Lockdown and psychiatric wards

Ever wondered what it’s like to be an inpatient on a psychiatric ward?

Lockdown and psychiatric wards

ever wondered what it’s like in a psychiatric hospital?

It’s like lockdown, only you’re far, far worse.

You’re miles away from home, full of strangers who you have to “live” with regardless of if you like them or not, with doctors who are able to control your every move.

Some staff care deeply about their patients but others could not care less about your wellbeing.

Want to stay connected with loved ones during your stay?

Well sorry, but you’re not allowed your phone or anything with internet access or a camera. You’re stuck with a nokia brick phone from the year 2000 that you can only use from 6:30pm - 8:30pm if you’re not on a ward that lets you keep your phone throughout the day.

If you’re allowed your normal phone then good luck trying to use it as normal. You won’t be allowed to take photos and you can’t use it in communal areas in case you do. You’re stuck with no wifi or if the ward has wifi then you’re better off without it because it’s slower than internet explorer

You can only go outside if your doctor has said you can and if you’re not old enough or lucky enough to be granted an independent walk then your 1 (one) daily walk is down to if the weather is okay and staff can be bothered. The same applies with the garden as you can see into it but feel like a little kid being withheld from going into a sweetshop.

All your possessions have been blacklisted all bar a few reading books, colouring books and pens. Don’t even think about bringing your pencil case as pencil sharpeners are banned. You can’t paint because it’s too messy and if you want to be creative then you’re stuck with the ward’s rubbish “craft” stuff that they bought from poundland that’s aimed at 3 year olds.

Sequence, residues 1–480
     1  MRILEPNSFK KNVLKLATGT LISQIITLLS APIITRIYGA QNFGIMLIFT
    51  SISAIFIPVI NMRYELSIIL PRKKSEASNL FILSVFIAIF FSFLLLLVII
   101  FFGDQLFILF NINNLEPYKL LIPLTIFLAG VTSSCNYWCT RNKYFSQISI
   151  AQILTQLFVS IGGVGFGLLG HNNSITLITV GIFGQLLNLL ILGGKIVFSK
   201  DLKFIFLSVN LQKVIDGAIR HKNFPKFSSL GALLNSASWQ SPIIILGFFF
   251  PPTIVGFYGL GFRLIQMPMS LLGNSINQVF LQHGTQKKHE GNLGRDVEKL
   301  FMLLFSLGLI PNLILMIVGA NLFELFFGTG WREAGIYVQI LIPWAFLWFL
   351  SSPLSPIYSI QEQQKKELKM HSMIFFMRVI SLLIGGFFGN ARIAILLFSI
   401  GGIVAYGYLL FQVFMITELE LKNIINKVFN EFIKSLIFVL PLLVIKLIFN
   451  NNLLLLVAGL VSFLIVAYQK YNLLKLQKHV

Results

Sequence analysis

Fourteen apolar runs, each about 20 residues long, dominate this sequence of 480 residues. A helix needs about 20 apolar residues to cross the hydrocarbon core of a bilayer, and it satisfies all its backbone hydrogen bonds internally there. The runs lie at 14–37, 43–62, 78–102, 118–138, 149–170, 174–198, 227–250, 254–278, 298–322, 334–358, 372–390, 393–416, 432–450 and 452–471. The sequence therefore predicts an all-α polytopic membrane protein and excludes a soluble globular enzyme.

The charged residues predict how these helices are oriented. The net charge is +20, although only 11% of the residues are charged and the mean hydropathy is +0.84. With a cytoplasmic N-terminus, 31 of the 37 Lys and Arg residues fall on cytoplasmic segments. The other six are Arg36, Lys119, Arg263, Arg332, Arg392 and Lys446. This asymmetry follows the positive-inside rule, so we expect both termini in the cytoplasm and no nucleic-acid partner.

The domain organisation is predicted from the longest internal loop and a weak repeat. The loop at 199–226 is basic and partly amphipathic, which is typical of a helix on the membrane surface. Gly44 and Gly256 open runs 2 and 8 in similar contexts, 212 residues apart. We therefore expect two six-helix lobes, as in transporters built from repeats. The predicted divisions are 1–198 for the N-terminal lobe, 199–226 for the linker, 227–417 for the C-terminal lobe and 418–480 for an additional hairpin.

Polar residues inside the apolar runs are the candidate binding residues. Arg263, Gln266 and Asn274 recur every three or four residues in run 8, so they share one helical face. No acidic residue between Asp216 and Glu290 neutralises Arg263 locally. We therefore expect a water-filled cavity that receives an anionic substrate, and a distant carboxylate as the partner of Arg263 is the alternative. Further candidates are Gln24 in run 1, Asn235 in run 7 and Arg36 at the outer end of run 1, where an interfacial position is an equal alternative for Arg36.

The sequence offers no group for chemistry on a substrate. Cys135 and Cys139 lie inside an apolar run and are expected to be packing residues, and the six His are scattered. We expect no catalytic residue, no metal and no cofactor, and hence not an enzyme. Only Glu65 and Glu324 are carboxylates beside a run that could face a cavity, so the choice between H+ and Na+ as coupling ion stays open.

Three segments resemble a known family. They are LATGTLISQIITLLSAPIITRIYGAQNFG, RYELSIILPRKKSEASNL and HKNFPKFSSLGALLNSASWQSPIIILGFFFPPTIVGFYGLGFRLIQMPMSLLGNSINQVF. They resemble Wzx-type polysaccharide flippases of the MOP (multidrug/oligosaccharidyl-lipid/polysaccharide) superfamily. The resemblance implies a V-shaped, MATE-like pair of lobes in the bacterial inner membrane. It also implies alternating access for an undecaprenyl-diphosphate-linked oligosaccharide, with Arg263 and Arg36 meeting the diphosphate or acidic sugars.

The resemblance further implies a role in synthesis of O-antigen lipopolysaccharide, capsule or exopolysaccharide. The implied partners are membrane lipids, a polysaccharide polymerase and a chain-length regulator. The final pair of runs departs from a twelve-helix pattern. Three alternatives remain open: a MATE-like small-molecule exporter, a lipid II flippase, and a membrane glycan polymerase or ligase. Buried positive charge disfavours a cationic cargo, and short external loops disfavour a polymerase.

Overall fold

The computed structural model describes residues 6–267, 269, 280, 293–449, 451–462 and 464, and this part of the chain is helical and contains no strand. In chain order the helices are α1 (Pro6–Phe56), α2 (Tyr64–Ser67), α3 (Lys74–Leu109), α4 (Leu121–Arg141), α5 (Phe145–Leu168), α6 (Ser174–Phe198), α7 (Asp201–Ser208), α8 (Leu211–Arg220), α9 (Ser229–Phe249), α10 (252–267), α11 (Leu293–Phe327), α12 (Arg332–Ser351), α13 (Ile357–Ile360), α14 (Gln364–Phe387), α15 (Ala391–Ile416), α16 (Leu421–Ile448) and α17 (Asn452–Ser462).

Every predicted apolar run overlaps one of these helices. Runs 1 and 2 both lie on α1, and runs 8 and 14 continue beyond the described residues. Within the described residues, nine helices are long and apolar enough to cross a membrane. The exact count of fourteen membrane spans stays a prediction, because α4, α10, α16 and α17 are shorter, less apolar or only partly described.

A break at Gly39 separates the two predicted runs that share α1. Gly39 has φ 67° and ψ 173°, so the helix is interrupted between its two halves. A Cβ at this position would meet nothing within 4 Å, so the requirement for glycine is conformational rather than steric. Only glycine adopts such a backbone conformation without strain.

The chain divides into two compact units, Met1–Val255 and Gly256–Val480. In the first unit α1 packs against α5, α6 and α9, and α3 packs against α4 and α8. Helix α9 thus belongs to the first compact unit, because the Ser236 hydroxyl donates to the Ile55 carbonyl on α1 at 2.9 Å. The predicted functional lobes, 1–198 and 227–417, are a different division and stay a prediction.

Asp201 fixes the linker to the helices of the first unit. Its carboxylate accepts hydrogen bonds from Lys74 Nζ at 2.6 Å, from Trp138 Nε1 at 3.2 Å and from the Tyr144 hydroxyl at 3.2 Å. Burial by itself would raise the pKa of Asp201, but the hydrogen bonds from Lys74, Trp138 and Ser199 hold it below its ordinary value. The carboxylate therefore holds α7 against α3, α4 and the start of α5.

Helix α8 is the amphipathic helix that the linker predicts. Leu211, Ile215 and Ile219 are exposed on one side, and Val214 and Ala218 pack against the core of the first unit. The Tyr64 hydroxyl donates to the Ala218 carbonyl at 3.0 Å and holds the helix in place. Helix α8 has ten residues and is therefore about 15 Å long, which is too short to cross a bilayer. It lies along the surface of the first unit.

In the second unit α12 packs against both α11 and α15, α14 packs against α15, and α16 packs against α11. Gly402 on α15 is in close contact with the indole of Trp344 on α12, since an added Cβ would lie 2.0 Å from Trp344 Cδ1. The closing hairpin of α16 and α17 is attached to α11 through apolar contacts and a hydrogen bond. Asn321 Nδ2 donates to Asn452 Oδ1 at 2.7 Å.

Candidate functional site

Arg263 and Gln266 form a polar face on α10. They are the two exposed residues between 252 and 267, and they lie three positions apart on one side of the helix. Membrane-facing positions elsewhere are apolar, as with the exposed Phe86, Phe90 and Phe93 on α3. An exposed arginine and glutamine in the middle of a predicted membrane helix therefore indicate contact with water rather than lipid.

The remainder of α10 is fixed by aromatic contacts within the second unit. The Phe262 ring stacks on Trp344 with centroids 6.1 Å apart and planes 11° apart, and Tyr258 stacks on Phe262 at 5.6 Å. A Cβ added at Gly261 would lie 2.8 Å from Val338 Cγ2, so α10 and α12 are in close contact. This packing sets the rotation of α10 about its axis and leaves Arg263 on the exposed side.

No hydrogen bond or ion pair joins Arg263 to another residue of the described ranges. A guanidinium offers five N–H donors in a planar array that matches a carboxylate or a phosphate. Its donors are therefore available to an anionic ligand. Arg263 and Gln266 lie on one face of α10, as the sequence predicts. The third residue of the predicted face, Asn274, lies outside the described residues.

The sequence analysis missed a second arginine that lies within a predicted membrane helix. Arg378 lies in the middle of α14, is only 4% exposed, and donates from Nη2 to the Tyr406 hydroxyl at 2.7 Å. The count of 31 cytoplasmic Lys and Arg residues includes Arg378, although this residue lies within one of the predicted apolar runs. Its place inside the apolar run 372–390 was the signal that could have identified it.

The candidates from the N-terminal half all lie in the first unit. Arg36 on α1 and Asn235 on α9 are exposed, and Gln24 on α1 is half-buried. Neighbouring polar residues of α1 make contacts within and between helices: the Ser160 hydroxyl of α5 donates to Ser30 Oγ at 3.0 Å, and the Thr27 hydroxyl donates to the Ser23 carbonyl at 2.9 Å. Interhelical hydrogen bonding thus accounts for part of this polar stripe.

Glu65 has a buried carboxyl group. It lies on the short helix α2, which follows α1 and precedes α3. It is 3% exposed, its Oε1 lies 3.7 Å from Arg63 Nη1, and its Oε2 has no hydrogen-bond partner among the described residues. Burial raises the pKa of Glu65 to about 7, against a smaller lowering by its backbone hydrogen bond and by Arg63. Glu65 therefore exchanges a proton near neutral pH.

Your doctor decides if you can go back home to where you can spend a maximum of 3 nights. Time goes quickly whether you’re having fun or not - although infinitely faster than time spent on the ward where 10 minutes feels like 10 days. And it’s even worse when you have to spend a total of 4 hours travelling from the unit and then another 4 travelling back once your leave is over.

You actually look forwards to meals at home because the food is better than the hospital crap regardless of whether the person who cooks it has the culinary skill of a Michelin star chef or one of your typical university student.

There’s probably even more that I can add but I’m just thankful im not in hospital, let alone during this time

treatments
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Amy
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